What’s the secret to successfully breeding, raising, and training an amazing guide dog? Guide Dogs for the Blind (GDB) has long been committed to participating in canine-related research to advance the health, behavior, and overall welfare of our program dogs. Thanks to the extraordinary support from Elizabeth A. Gard and Thomas J. Furlong, GDB launched the Gard/Furlong Canine Research Program last year to formally kickstart and incorporate this effort.
Dr. Sarah-Elizabeth Byosiere is GDB’s Director of Canine Research and Development. She identifies, supports, and oversees research that focuses on improving the health, well-being, and success of GDB dogs. Dr. Sarah also serves as a resource to GDB staff and cultivates partnerships with peer organizations and universities.
CANINE HEALTH AND LONGEVITY SURVEY
One project Dr. Sarah is overseeing is GDB’s Canine Health and Longevity Survey, which seeks to obtain medical and end-of-life information on GDB’s dogs. “These surveys are essential to track medical trends and will help us identify health-related conditions that may not appear early on in a dog’s life,” says Dr. Sarah. “Very few guide dog organizations conduct regular health surveys of this magnitude, so GDB will be leading the industry with this effort.” The results from the survey will be used to guide decision making across all canine-related teams at GDB.
“The best science always starts small,” says Dr. Sarah. To ensure the validity of the survey, people who adopt retired breeders were asked to complete an early version in April 2022. Thanks to 270 survey respondents, GDB has preliminary information regarding the health and longevity of our breeding colony. While the data is currently being analyzed, very few health-related concerns have been identified. Comments in the survey include: “Our retired breeder is aging gracefully!” and “She’s doing really well for a 13-year-old!”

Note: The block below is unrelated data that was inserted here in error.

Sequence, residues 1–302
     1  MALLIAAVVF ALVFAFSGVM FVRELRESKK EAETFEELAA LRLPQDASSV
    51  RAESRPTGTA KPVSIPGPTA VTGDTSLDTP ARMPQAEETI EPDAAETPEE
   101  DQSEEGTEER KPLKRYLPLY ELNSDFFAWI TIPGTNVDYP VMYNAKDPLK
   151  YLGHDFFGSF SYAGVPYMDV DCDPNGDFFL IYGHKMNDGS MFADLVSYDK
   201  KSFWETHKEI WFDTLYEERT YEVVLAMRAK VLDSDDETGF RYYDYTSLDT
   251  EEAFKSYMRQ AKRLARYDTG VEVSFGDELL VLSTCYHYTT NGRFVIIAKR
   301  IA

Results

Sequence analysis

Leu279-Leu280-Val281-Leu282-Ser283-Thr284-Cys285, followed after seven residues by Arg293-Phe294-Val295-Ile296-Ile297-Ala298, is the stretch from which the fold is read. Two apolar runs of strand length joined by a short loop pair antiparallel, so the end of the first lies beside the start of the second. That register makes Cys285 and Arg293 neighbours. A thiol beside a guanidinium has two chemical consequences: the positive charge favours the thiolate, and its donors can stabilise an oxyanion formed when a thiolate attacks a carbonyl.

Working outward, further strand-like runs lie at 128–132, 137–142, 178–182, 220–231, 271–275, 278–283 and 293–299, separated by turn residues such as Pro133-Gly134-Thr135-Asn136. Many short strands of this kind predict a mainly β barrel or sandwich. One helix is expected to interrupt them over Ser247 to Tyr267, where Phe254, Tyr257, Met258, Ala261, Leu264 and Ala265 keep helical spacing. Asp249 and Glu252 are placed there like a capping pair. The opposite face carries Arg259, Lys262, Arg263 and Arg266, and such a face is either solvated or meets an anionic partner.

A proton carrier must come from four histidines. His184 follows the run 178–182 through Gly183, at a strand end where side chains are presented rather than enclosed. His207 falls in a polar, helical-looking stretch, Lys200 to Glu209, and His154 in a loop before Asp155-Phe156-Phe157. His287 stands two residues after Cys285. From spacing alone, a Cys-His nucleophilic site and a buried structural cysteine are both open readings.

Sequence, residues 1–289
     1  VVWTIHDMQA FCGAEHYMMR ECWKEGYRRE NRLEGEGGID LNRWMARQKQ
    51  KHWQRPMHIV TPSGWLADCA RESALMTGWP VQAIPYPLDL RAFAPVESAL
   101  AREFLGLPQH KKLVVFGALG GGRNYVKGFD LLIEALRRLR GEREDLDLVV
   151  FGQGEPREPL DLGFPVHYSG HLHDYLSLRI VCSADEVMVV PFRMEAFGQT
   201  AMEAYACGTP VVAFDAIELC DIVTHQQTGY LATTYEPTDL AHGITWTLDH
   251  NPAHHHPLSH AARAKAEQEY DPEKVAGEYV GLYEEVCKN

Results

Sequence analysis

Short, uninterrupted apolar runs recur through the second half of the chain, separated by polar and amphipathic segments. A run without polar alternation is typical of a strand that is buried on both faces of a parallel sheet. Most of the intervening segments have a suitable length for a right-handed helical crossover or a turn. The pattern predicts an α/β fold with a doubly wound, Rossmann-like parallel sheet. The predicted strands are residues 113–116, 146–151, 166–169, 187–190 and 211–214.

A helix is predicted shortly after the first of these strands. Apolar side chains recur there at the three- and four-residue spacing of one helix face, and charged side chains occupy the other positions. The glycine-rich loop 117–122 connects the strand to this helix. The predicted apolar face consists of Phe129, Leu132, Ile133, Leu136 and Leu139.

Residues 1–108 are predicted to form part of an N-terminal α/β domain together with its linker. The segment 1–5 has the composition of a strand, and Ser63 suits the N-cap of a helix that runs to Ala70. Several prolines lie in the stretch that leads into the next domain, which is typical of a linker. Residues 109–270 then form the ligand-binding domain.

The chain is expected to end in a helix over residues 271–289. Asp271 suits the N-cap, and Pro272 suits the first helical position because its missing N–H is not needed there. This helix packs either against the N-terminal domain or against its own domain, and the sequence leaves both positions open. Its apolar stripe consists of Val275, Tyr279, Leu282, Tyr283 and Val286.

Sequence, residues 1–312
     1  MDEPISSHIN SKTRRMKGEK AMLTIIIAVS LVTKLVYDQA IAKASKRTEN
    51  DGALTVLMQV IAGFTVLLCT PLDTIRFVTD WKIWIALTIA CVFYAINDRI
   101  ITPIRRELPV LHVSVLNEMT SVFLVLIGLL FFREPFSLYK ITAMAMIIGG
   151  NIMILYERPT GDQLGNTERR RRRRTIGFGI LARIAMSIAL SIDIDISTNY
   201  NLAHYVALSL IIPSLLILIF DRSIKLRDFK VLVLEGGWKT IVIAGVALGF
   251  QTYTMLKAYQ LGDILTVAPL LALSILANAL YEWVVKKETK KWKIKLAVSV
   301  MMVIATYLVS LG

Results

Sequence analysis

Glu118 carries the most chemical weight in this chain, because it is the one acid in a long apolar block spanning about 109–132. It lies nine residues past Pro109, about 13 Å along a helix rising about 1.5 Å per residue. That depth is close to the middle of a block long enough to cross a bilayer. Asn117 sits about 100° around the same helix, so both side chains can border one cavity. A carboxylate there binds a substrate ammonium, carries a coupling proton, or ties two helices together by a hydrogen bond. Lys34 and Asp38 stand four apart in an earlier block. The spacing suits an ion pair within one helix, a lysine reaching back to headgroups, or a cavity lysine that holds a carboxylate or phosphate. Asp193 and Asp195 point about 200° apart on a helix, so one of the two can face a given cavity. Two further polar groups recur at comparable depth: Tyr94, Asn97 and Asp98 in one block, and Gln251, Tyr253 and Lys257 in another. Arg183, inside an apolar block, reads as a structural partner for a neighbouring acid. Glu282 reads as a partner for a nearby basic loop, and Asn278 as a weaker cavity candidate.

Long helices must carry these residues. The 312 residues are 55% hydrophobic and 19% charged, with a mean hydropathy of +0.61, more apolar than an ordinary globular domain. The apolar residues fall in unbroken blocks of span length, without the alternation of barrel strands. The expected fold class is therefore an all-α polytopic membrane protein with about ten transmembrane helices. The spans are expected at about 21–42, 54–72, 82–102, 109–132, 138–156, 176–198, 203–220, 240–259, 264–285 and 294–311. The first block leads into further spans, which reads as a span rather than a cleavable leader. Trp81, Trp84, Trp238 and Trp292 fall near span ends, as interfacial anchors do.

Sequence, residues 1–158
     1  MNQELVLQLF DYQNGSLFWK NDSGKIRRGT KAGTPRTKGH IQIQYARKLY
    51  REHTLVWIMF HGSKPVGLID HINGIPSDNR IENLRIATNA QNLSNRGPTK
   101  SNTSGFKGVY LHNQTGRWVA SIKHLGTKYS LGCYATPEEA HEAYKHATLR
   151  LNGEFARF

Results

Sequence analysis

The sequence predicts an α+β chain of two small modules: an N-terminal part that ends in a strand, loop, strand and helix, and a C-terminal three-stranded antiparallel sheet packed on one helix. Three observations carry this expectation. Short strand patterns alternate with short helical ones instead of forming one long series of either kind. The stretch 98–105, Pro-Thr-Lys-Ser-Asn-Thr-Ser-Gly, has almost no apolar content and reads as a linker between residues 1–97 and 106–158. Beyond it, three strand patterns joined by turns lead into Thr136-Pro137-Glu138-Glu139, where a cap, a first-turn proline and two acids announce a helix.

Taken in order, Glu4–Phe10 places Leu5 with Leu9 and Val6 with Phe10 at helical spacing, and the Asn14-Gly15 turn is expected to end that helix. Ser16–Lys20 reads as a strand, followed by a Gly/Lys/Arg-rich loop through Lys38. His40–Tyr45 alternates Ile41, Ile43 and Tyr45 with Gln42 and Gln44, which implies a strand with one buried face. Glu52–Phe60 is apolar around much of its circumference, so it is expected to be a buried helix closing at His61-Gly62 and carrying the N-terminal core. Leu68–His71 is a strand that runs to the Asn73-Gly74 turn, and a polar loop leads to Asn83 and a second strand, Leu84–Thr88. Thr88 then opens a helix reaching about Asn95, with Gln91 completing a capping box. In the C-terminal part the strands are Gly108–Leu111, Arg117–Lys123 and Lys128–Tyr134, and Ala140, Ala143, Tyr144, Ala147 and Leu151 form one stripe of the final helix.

The next step for this research involves sending the survey to people who adopt GDB program dogs and regularly collecting health updates.
“Many diseases that affect dogs have a heritable component, so the more information we know about the diseases our dogs develop, the healthier our GDB dogs can be,” says Dr. Sarah, noting that it’s equally helpful to know if a dog has been healthy and disease-free. “To help the GDB dog and client teams of tomorrow, the collective support of all GDB dogs is needed.”
BENCHMARKS AND SURVEILLANCE
The Canine Health and Longevity Survey represents just one project being conducted at GDB that helps establish benchmarks for industry excellence. The results from these projects will help Dr. Sarah determine how to best develop a monitoring system to identify opportunities for improvement in real-time on everything from breeding and puppy raising, to training and client services. By utilizing historical data and identifying statistically significant trends, evidence-informed decision-making can occur earlier. “For GDB this is an exceptionally important piece of the puzzle as puppies that are whelped today will be placed as guides in over a year,” notes Dr. Sarah.
Canine and Community Operations Officer, Kristin Lucas, is excited to have Dr. Sarah on the team, stating “she has an amazing breadth of knowledge, a fresh perspective, collaborative skills and industry reputation, as well as a curiosity and a love of dogs and people to help GDB move our canine research forward — all in service to canine success and longevity in partnership with individuals with visual impairments. With Dr. Sarah at the helm, we look forward to strengthening our external research relationships and utilizing our incredible resources to advance our knowledge in the guide dog industry and beyond.”
“To help the GDB dog and client teams of tomorrow, the collective support of all GDB dogs is needed.” —Dr. Sarah-Elizabeth Byosiere